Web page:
This winter, our family discovered the wonderful world of Netfix via Wii. I’ve watched several cultural documentaries, and this past Saturday night included a wild and crazy evening watching a 1 hour Ken Burns PBS documentary, "The Shakers."
The Shakers were a religious sect that evolved in 1700s Colonial America with the leadership of Ann Lee. In many ways, the group paralleled the Quakers in their practices of simple living, pacifism, and equality among all people. Living a communal life, the group believed hard work, prayer and abstinence were ways to glorify and worship God. This focus on work led them to produce high quality furniture and crafts, as well as unique architecture structures. They contributed to the musical, cultural and artistry of early American life. Every job was valuable and brought glory to God. From onion sellers to weavers, all were beloved children of God, deserving of dignity, and able of experiencing spiritual transformation.
At their height, 6,000 Shakers lived communally from Maine to Indiana. If you think about the challenges of life in early America, communal living would have aided in survival among members. The spiritual support provided to Shakers created families for many who, prior to joining the movement, were alone. Following the Civil War, Shakers began to decline. Western expansion, cultural changes, and the fact that Shakers were abstinent and could not create more followers led to the closure of communities and the virtual extinction of the group. Online sources state there are only 4 Shakers left today living communally in Maine.
The Shakers fascinated me. They found a way to survive in early America, to share faith and to experience transformation through simple daily living. Though I’m not suggesting we all go live in communes, I think there are several lessons we can learn from Shakers.
Transformational living: This Sunday, our Gospel reading tells of Christ’s “transfiguration” on the mountaintop (Matthew 17:1-9). Christ’s clothing becomes white and He is surrounded by light. The disciples experience a “mountaintop experience” with the Lord. However, I would argue that it is not primarily mountaintop events that enliven faith. It is the day to day work and interactions with others that demonstrate the depth and power of Christ’s love in our lives. While Shaker leaders had visions and “mountaintop” experiences, it was living together, negotiating relationships, and striving for a common goal that deepened faith. We too have the opportunity to be transformed in our faith through simple, daily work with others.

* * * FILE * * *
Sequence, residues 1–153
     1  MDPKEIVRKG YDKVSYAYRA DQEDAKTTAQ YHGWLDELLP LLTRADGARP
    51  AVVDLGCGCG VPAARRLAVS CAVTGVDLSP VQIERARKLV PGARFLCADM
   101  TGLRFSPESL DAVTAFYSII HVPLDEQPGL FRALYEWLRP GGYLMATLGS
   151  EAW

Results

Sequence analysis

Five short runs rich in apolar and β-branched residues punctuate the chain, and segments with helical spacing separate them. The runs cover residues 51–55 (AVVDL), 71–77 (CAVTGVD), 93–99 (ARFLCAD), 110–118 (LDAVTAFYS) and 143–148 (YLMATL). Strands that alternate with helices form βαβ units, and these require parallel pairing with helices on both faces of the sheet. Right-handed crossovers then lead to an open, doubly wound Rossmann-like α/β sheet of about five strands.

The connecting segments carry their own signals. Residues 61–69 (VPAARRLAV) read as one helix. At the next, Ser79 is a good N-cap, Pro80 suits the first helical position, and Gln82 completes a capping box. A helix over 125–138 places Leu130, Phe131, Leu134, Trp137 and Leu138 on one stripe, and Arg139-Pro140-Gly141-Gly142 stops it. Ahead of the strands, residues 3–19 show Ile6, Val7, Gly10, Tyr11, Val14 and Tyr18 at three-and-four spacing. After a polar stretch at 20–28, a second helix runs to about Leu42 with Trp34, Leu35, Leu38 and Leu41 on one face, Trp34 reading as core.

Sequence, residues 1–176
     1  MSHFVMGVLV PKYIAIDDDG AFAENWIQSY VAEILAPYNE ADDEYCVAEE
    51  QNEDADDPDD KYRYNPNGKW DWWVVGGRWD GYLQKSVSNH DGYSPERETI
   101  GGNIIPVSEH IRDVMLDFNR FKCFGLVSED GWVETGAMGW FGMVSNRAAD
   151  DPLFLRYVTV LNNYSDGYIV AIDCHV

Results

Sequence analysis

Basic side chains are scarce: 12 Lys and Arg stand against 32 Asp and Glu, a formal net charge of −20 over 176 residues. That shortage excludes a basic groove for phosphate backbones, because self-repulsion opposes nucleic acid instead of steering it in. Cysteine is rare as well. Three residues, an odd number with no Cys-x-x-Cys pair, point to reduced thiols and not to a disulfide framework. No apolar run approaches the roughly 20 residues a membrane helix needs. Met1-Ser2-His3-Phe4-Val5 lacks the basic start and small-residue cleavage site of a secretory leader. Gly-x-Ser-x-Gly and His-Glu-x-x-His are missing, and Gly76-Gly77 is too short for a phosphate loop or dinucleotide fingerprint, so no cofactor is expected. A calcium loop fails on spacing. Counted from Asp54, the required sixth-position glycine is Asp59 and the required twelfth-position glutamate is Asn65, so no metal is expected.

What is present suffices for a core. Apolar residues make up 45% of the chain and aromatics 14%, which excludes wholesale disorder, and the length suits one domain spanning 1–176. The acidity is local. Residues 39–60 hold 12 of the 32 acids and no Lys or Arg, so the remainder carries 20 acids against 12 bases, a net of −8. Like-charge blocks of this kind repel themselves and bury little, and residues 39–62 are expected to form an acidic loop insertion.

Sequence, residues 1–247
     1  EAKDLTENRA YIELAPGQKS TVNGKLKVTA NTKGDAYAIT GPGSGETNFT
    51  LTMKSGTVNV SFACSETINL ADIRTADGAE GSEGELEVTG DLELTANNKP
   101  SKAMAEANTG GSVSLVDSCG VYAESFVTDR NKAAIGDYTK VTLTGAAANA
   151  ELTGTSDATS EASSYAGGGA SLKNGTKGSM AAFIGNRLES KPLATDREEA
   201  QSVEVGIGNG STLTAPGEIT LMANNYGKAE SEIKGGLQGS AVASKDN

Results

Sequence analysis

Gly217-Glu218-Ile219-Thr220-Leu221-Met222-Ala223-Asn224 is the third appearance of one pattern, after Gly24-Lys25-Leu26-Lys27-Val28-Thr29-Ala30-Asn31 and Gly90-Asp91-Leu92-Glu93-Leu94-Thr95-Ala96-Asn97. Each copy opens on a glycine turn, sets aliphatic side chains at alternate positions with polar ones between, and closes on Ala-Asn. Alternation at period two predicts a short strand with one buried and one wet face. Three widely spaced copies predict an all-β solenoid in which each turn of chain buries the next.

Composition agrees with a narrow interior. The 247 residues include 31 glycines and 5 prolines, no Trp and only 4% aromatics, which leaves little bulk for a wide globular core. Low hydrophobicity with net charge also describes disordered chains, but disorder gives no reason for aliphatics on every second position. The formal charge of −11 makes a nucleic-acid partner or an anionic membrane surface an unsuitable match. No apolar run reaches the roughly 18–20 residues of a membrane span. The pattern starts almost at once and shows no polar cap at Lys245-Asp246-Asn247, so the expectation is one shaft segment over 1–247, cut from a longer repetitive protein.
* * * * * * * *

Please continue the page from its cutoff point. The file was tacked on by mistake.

Equality: Long before the Civil War, Shakers purchased freedom for slaves. Long before women won the right to vote, female and male members were seen as gifted equal people and given voice. We too live in divisive times—our political parties, economic systems, churches and communities create barriers and hierarchies. Who is worthy? Who is not? Instead of asking these questions, we need to focus on the fact that we are all beloved children of God, precious in His sight.
Family & Community: Shakers took in orphaned children, single men, widows, and many others who were alone in early America. Community was essential for survival. If you didn’t have food, shelter, warmth, you would die. But more importantly, if you didn’t have others to love, you could not live. This has not changed in our culture; we still need one another to live. How do we welcome in the stranger, support one another, and lift up the gifts of all people to glorify God? How do we value the diverse calls of every individual? How do we live with the hope that in all things, we work to honor God?
My prayer for you this week is that you experience a community where God’s transformational love is alive. Where you are valued as a child of God. Where we come together, not because we are afraid we may die if we are alone, but because we need one another to live.
Enjoy life's simple gifts